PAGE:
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At a glance: Physics
Did you know? Our upper level physics courses are small, ranging from five to 15 students, to allow for close interaction and personal attention.
The Department of Physics and Astronomy offers a strong, in-depth education. Students are prepared to participate in active undergraduate research with physics faculty, and each year a number of physics majors are awarded summer research fellowships at various universities across the country. Upon graduation, physics majors are well prepared for positions in industry and government, for teaching high school, or to pursue further education in graduate or professional schools. Visit the department's web site.
- Doctoral faculty with credentials in astronomy, plasma physics, surface physics, optics, computer modeling and teacher education
- Laboratory computers for data acquisition and analysis
- Plasma physics laboratory with complex plasma experiment
- Laser optics laboratory for producing holograms
- Machine shop for making laboratory equipment
- 12-inch Schmidt-Cassegrain telescope
- Networked astronomy computer cluster for analyzing Hubble space telescope data
- New astronomical observatory with multiple computer-controlled telescopes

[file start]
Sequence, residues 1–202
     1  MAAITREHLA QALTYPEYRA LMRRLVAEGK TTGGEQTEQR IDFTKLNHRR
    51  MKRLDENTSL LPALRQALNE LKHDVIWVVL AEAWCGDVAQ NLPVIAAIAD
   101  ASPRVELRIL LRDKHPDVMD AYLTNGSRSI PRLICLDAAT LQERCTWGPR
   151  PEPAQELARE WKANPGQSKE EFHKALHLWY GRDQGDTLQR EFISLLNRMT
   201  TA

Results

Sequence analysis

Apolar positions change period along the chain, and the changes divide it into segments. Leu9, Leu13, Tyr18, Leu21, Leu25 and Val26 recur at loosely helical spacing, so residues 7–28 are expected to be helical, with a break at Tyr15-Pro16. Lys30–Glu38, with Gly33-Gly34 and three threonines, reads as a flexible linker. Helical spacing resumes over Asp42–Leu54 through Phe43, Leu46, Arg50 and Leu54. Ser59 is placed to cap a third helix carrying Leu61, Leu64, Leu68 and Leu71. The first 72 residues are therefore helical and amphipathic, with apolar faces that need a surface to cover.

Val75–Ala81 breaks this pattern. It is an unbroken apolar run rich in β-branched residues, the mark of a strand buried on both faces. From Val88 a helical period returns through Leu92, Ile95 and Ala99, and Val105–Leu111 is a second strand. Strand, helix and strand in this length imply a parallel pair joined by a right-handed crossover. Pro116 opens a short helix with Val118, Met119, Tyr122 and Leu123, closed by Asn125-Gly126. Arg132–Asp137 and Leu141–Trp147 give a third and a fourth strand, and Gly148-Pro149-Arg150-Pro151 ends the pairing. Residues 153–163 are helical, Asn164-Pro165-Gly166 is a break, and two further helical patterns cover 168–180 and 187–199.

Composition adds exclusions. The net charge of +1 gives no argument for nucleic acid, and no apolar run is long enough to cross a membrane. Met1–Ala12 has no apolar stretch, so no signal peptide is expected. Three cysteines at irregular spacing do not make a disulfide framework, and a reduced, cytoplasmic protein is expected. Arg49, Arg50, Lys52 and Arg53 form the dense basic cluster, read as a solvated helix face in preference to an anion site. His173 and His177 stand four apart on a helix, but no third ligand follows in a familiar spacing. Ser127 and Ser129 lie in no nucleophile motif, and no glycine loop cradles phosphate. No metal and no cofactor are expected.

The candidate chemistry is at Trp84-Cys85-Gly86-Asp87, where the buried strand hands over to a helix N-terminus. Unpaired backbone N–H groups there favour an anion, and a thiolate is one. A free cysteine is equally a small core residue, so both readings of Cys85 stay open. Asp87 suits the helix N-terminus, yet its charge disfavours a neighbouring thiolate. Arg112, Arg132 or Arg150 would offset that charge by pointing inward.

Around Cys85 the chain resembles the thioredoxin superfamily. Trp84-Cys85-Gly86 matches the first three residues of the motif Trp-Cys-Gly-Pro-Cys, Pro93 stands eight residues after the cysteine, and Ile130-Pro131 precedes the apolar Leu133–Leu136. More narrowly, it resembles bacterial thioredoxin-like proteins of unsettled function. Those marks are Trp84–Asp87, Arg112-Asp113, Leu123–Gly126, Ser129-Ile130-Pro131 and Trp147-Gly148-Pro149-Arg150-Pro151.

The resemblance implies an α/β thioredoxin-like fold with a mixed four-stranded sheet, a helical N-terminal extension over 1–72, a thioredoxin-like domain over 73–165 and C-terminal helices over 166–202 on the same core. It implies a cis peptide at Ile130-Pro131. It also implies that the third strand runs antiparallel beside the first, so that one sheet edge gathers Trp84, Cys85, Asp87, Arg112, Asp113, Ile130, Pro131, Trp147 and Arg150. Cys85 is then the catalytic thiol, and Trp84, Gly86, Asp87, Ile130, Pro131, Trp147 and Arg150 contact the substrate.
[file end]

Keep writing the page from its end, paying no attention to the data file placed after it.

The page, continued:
The department of physics and astronomy is located in the Science Annex, which is connected to the Meyer Hall of Science. The facility includes modern research laboratories, classrooms, student laboratories, a machine shop and computer facilities. A new astronomical observatory is located on campus within walking distance from the physics complex of labs and offices.
Astronomy Club, Sigma Pi Sigma Honor Society, Society of Physics Students
Recent career placements
- Ohio State University; Pennsylvania State University; Massachusetts Institute of Technology; New Mexico State University; Cleveland State University, University of Toldeo, etc. – graduate studies in physics or medical physics;
- High schools in Ohio – physics teacher;
Battelle, Columbus, Ohio – research physicist;
Honda Marysville, Ohio – research physicist;
Astronautics Coporation, Milwaukee, Wis. – research physicist;
U.S. Air Force
Excellent career opportunities for ONU physics majors start while students are still in college. Our students have been extremely successful in acquiring paid summer research fellowships. Physics students generally complement their degrees with backgrounds in mathematics, chemistry, astronomy or computer science, leading to career opportunities in research, industrial science, astronomy, medical physics, computational physics, biophysics, geophysics or high school teaching. (According to salary.com, physicists are the best-paid scientists by a significant margin.)